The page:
“Well, you know Pepsi started right there in Chinquapin.” That is something we would hear every time we passed through Chinquapin. We would respectively respond by saying that’s cool. Of course, under our breath, it sounded like yeah right or pretty sure it wasn’t. Don’t tell my mom what I am about to say because sometimes you have to admit when your parent is right because in this case, she was right. Well, she was partially right.
I’ll just say that unless you’ve been living under a rock for the last hundred years, you have heard of Pepsi. Whether you like Pepsi, aren’t allowed to drink it for health or religious reasons, or if your choice of soda is one of the other 194 brands of soft drinks that are marketed throughout the world with 407 of the 993 varieties of those soft drink brands being sold by the big three; you at least have heard of it. The big three companies are Coca-Cola, Pepsi, and the Dr. Pepper Snapple Group. While it has been many years since the big three have just sold Coca-Cola, Pepsi and Dr. Peppers; Coca-Cola is statistically the best selling soda in the United States. While Coca-Cola may be the most popular soda sold; three of the most popular sodas sold in America are Pepsi brand products. And Coca-Cola and its pop rival Pepsi may generate over 100 BILLION dollars worth of sales each year; Pepsi and its collective brands made an estimated $20 million more than Coca-Cola. As of 2012, Pepsi (now known as PepsiCo) had a total of 22 brands that each generates over $1 billion a year in sales. Despite all of that; Pepsi and Coke each sell a variety of drinks including iced coffee, juice, water, sports drinks, a variety of sodas, and a plethora of other items. Pepsi’s variety of products is distributed in more than 200 countries. So where does a global product whose parent company owns and distributes everything from Pepsi to Mountain Dew to Gatorade to Tropicana Orange Juice start? What humble beginnings could a company that spends an average of $4 billion in advertising a year have?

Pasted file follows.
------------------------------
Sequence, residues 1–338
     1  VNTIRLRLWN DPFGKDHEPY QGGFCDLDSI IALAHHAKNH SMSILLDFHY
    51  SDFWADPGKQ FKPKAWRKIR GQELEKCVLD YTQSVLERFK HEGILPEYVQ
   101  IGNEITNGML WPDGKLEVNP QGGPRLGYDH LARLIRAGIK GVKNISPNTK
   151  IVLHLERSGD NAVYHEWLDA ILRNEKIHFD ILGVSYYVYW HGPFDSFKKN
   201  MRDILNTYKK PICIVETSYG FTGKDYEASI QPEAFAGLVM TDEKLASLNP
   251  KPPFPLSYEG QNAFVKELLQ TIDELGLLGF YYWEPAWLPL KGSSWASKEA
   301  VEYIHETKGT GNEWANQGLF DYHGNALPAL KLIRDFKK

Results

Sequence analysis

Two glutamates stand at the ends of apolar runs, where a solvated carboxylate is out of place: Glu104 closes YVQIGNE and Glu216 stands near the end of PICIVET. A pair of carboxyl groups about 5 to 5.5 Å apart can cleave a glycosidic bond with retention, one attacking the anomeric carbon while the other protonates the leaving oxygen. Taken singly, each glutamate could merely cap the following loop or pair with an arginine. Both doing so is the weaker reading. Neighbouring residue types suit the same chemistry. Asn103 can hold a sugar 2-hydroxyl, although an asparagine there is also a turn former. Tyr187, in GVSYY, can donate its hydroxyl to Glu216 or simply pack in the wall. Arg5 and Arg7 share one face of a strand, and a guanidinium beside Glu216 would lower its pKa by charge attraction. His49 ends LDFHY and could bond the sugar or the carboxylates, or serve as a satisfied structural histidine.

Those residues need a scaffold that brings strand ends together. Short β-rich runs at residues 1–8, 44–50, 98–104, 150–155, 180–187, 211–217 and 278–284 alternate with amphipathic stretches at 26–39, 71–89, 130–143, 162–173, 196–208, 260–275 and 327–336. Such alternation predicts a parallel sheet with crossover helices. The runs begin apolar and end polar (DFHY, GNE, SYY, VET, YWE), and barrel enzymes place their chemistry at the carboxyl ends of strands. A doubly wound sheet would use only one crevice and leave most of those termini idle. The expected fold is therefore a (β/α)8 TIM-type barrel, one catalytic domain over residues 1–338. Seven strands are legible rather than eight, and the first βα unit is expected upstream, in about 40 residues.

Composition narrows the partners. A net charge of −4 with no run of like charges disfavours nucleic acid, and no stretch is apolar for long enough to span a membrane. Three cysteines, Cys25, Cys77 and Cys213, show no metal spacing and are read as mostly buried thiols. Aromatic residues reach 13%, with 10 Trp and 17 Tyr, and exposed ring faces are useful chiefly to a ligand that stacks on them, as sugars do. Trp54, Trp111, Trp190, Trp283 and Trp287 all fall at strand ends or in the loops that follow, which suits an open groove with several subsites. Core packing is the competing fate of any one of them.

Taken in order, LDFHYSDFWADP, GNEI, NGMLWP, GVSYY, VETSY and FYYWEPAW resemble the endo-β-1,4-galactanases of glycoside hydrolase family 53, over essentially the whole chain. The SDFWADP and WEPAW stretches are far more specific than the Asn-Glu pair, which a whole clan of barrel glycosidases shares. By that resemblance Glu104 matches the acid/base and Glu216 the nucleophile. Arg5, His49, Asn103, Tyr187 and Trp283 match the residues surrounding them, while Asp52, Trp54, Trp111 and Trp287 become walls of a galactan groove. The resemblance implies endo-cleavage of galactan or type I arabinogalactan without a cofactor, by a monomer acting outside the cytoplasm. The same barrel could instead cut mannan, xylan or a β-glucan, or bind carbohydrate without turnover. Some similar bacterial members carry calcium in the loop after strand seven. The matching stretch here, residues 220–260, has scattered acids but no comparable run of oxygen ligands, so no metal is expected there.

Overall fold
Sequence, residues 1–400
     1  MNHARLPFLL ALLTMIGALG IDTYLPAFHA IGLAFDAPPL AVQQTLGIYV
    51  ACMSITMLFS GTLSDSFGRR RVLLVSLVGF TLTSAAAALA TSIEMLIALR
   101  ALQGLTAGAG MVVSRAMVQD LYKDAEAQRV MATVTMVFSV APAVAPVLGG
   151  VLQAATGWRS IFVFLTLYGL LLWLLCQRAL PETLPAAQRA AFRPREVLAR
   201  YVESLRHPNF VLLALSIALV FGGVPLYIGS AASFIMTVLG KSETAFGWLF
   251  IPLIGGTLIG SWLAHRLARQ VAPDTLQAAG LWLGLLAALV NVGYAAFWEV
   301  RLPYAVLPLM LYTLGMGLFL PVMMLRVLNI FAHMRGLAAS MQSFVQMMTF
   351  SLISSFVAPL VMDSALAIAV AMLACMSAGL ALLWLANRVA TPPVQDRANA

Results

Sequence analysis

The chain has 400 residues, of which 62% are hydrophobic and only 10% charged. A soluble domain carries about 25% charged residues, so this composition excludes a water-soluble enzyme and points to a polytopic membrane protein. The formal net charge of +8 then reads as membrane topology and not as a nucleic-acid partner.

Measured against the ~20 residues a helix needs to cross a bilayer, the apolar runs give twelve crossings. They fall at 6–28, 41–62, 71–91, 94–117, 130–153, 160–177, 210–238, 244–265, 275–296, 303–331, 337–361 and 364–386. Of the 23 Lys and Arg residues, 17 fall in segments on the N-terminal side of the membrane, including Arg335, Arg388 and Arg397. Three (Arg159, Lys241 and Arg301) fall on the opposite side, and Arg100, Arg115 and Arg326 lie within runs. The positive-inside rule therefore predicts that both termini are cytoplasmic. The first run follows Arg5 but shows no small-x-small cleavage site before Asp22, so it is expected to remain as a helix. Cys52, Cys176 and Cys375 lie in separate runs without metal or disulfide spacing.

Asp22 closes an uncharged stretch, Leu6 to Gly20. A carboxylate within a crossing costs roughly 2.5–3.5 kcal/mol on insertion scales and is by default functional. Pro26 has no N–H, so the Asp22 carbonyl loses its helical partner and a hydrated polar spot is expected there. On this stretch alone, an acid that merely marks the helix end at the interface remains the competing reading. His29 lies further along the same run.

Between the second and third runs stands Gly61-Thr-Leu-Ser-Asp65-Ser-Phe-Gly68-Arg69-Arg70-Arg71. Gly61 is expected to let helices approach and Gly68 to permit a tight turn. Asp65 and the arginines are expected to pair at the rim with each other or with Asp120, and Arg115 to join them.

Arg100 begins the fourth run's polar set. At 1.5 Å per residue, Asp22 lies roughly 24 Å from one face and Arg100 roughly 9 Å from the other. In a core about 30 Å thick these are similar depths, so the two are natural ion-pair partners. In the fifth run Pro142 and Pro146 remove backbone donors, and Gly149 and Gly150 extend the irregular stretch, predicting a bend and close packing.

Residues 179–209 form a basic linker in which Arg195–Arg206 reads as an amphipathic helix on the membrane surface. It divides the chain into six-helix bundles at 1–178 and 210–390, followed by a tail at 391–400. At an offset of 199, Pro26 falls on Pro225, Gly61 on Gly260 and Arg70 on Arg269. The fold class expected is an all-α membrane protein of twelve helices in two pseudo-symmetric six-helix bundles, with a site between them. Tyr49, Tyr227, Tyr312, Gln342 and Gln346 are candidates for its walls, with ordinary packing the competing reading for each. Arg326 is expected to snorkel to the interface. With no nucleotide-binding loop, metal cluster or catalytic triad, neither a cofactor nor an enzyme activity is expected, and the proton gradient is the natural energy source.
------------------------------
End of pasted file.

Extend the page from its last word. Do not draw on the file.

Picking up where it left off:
Well to start, I’ll give my mom credit for having part of the story correct. Pepsi itself didn’t begin in Chinquapin, NC; but its creator did. His life began there that is. Caleb Davis Bradham was born to George Washington Bradham and his wife Julia McCann Bradham on May 27, 1867, in Chinquapin, NC. Caleb grew up and graduated from the University of North Carolina at Chapel Hill before moving on to the University of Maryland School of Medicine. He dropped out before graduating due to his father’s business going bankrupt. He, after coming back to North Carolina, worked as a public school teacher. After a while, he opened the Bradham Drug Company in downtown New Bern. In his drug store, like many other drug stores at the time, he had a soda fountain. In his store at the corner of Middle and Pollock Street, he invented the original recipe. The original blend consisted of kola nut extract, vanilla, and other rare oils. It was originally marketed as Brad’s Drink but on August 28, 1898, it was renamed after the pepsin enzyme which was a popular drink which aided digestion. Even though his drink didn’t contain any of the pepsin enzymes, he believed that his drink aided in digestion enough to warrant it. He chose the cola part of its name due to the inclusion of the kola nut extract in the ingredients.